Air strikes have been hitting Syria from inside Turkey since late July, targeting the Kurdish militia known as the Yekîneyên Parastina Gel—the People’s Protection Units. For years, Turkish President Recep Tayyip Erdoğan has said he intends to destroy the YPG, and in recent months he’s warned increasingly of a Turkish incursion into northern Syria to do it. The YPG controls territory in the country’s north, near the Turkish and Iraqi borders, outside the reach of Syrian President Bashar al-Assad’s government. But YPG fighters are mostly Syrian Kurds, with Arabs and some foreigners in the mix, and the militia doesn’t have any ambitions in Turkey at all. Meanwhile, the YPG has become an ally of the United States, which armed and supported it as it helped defeat the Islamic State in 2014 and 2015, and the group has since continued to work closely with the U.S. to oust the Assad regime in Syria—an objective the allies have shared with Turkey. So what is Erdoğan doing?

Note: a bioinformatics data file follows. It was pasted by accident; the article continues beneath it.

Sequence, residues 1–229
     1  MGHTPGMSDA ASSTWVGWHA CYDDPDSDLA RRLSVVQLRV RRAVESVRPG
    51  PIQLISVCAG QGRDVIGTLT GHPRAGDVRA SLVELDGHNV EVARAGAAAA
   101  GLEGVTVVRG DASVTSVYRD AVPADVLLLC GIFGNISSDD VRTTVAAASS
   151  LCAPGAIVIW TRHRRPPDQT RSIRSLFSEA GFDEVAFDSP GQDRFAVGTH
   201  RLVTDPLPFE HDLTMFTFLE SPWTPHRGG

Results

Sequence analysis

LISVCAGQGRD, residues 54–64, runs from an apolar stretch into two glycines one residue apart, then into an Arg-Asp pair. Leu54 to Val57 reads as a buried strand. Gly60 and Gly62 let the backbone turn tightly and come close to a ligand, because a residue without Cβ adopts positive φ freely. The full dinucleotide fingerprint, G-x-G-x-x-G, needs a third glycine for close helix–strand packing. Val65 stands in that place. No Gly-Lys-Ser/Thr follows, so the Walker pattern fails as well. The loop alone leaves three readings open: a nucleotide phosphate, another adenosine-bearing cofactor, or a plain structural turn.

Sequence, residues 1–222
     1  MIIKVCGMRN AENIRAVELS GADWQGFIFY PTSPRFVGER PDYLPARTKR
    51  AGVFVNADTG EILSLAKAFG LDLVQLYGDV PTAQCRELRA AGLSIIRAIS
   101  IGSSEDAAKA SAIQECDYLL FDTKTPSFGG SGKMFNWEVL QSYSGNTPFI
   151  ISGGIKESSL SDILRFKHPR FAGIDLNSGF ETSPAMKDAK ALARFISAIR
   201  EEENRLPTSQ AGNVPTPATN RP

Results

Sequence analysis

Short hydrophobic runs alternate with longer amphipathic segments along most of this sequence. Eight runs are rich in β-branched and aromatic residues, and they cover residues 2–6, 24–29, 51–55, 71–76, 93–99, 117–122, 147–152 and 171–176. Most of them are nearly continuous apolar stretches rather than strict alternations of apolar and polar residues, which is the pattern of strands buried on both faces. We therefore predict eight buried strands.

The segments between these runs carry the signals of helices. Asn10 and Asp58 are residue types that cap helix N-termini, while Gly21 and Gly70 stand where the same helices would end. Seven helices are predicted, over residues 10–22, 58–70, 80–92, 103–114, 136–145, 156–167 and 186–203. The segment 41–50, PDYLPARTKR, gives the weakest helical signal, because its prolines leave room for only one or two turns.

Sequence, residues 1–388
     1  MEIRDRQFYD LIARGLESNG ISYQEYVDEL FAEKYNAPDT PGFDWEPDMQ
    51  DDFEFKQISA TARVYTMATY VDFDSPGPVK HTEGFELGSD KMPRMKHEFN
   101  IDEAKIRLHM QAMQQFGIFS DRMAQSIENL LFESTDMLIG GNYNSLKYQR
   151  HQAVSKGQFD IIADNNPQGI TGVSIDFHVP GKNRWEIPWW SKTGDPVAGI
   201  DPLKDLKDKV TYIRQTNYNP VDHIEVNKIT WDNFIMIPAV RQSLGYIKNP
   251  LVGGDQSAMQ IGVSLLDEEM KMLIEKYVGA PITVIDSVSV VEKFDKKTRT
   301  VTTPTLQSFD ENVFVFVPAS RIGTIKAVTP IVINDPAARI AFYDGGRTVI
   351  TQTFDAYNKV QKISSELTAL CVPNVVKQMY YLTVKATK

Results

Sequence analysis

Henri Barkey is a professor of international relations at Lehigh University in Pennsylvania and the author of five books about Turkey and the Kurdish people. As Barkey sees it, Erdoğan is attacking the Syrian Kurds for reasons of both domestic politics and state interest. The political motivation might be more urgent, Barkey says, because the Turkish president is facing reelection next year and has a pressing incentive to create the impression of a major military victory—turning voters’ attention away from Turkey’s struggling economy, with inflation near 80 percent and the country running short on foreign reserves. Over the longer term, Erdoğan wants to prevent Turkish Kurds from gaining autonomy in the country’s southeast—and to that end, he also wants to see the YPG, and any autonomous Kurdish rule, disappear in Syria too. The only reason why Erdoğan hasn’t invaded Syria already, Barkey says, is that Russian President Vladimir Putin has rejected the plan—because he fears Turkey would try to keep any territory it captured. Still, it’s not clear whether Putin will keep saying no, knowing how serious a rupture he could cause between Turkey and the U.S. by saying yes.